On the firewall, Powerquest mounted the trim pumps for drives and tabs and supported the lines with galvanized cushion clamps. A Fireboy automatic extinguisher also was mounted on the firewall.
Inspectors also noted that it would be hard to get down into the bilge to clean it, but access to minor services was made easier due to the CMI headers. Rigging was sound and sanitary, with wiring wrapped in flexible plastic conduit.
Fabric and vinyls in the 340 were subtle and simple: black, gold and white. The forward V-berth felt spacious, though it was about the same size as any other boat this length. Powerquest cleverly added two cutouts to each side of the bulkheads between the berth and the midcabin, making the berth feel roomier.
The cabin also featured a suspended white vinyl headliner and U-shape facing lounges with storage underneath. Farther aft was a mini-galley with Corian countertops, tubular stainless-steel rails and a small refrigerator. To starboard, the 340 had a head—roomy enough to climb in and shut the door—with a flushing toilet.
Walk out the white acrylic cabin door to the cockpit and settle into the helm. This was one of the few offshore boats that accommodated people of all heights. The lower angled footrest was ideal for lanky drivers, and the upper suited people of average height. Either way, the controls were intelligently placed.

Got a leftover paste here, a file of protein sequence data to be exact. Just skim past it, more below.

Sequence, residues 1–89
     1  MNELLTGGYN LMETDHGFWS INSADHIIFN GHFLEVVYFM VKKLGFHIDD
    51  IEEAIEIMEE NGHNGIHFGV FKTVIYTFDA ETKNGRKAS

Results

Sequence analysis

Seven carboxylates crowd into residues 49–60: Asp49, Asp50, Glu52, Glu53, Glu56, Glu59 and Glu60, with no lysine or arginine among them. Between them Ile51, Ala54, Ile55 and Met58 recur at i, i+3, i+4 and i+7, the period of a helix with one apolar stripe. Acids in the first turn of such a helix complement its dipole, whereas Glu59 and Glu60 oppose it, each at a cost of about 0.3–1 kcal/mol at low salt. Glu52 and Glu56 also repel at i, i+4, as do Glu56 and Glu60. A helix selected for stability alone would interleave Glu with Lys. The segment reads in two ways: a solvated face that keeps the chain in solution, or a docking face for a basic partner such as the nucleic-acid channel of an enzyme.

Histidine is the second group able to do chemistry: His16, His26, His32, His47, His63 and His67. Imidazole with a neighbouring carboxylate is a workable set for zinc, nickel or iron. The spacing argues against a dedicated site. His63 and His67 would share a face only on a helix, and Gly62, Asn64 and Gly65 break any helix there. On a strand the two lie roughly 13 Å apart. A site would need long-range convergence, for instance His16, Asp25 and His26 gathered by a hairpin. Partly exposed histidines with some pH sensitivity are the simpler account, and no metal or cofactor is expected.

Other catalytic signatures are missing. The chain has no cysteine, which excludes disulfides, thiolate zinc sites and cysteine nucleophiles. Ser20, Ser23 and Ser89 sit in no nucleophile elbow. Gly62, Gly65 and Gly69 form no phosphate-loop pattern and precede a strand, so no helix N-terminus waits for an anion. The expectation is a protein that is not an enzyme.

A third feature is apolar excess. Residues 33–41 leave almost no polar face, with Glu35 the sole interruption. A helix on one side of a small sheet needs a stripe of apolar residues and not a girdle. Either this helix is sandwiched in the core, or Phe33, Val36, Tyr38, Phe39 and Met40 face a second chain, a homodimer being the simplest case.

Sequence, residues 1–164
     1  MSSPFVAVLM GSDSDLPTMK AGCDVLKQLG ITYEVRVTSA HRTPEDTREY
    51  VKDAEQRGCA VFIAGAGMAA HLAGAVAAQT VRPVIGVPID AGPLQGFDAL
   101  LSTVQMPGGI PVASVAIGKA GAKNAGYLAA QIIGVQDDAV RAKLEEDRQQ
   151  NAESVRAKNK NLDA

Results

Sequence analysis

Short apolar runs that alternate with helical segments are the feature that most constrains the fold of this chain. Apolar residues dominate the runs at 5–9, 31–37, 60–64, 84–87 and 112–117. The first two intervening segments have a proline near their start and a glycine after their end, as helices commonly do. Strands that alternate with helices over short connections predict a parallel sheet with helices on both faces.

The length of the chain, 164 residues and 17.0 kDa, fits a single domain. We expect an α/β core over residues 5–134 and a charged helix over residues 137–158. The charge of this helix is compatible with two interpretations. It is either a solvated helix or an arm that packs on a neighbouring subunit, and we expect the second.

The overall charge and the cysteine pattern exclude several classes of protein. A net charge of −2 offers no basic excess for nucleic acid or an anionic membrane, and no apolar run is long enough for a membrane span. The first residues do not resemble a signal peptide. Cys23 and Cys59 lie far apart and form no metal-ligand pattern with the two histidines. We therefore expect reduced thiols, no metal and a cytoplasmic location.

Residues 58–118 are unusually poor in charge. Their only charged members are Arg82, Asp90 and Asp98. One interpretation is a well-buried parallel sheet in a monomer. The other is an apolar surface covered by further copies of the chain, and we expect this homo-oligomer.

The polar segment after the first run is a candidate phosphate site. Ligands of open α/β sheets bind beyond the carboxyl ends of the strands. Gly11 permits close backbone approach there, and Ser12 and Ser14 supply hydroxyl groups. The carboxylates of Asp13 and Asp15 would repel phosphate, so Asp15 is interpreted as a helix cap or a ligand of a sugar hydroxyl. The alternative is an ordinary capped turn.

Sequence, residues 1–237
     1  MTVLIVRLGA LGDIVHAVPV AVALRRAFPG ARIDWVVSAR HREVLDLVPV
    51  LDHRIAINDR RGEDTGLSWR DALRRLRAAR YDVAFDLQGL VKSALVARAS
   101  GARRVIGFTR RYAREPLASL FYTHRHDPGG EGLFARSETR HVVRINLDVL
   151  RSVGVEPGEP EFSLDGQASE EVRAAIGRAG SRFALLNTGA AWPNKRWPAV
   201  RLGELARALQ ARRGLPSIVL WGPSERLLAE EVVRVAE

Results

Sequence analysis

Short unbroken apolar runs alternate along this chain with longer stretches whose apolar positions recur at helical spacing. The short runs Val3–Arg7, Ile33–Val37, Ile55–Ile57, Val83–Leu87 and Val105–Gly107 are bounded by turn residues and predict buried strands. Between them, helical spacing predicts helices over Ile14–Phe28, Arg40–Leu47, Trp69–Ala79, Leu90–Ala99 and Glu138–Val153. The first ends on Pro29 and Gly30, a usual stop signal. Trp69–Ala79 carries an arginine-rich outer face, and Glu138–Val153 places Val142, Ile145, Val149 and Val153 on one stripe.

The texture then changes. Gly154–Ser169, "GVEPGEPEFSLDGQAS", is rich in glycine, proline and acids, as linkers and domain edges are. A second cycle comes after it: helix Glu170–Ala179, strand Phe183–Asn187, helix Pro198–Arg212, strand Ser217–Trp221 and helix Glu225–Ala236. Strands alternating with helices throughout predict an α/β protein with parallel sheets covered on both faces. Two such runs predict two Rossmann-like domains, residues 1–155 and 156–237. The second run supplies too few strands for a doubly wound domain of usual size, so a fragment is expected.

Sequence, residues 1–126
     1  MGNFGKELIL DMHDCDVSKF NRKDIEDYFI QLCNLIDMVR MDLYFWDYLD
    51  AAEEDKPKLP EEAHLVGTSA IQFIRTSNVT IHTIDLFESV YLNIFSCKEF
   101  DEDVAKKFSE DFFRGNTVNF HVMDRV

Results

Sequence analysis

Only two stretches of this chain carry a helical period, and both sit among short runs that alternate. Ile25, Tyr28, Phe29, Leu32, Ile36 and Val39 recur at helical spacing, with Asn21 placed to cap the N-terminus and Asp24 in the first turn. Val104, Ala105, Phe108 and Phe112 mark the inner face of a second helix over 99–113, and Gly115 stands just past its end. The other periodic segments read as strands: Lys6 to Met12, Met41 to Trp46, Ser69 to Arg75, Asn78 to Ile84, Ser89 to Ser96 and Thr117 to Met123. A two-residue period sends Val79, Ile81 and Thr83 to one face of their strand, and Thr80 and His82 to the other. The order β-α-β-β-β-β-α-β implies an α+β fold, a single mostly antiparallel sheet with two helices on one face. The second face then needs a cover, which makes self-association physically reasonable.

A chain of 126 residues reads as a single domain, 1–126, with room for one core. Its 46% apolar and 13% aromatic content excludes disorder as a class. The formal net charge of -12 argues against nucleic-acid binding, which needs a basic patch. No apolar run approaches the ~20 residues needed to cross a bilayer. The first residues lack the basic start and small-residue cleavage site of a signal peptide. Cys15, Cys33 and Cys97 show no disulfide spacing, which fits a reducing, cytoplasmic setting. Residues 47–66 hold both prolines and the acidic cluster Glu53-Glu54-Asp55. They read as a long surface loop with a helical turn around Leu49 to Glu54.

For example, the Gaffrig levers were within easy reach and all of the most important gauges—speedo, tachs, and trim were arranged so that the driver didn’t have to divert attention from the water ahead.
Powerquest’s new 340 Vyper could well be called a “gentleman’s offshore boat.” It has the top speed and handling to impress the poker-run crowd, and the good looks and amenities to make it appealing to luxury lovers.
Hull and Propulsion Information
|Deadrise at transom||24 degrees|
|Hull weight||7,500 pounds|
|Engines||Mercury Racing HP500EFI|
|Lower-unit gear ratio||1.5:1|
|Propellers||Mercury Bravo One 15 1/4″ x 31″ lab-finished|
|Price as tested||$211,255|
Accessory switch panel with circuit breakers, Ritchie compass, Gaffrig gauges, Gaffrig drive/tab indicators, Sony AM/FM single CD with four speakers, 40-ounce cabin carpet, forward V-berth with storage underneath, hanging locker, sliding plexiglass cabin door with lock, ice box, portable head, bilge blower, two bilge pumps with auto float switches, Bomar deck hatch with screen.
Options on Test Boat
Upgrade to Mercury Racing HP500EFI engines ($44,220), Competition package comprised of: Quick and Quiet Select Exhaust, leather Momo steering wheel, stainless-steel rubrail insert, Gaffrig Red Line gauges, colored Gaffrig shifter, lay-in cockpit carpet, colored gauge bezels and cupholders ($4,585); Level Two Illusion graphics ($2,500), Mercury Racing HP500EFI Select Exhaust ($2,320), deck graphics ($1,395), porcelain head ($495), Gaffrig clock ($215), stainless-steel passenger footrest ($165), accent pillows ($70).
|5 seconds||25 mph|
|10 seconds||48 mph|
|15 seconds||66 mph|
|20 seconds||77 mph|
|30-50 mph||4.5 seconds|
|40-60 mph||5.2 seconds|
|40-70 mph||8.8 seconds|
Rpm vs. Mph
|Radar||86.5 mph at 5000 rpm|
|Nordskog Performance Products GPS||85.2 mph at 5000 rpm|
|Time to plane||5.2 seconds|
|Minimum planing speed||17 mph|
|At 45 mph||1.5 mpg|
|At 65 mph||1.3 mpg|
|At WOT||1.0 mpg|
|Fuel capacity||169 gallons|
Powerquest Performance Boats
2385 112th Ave.
Holland, MI 49424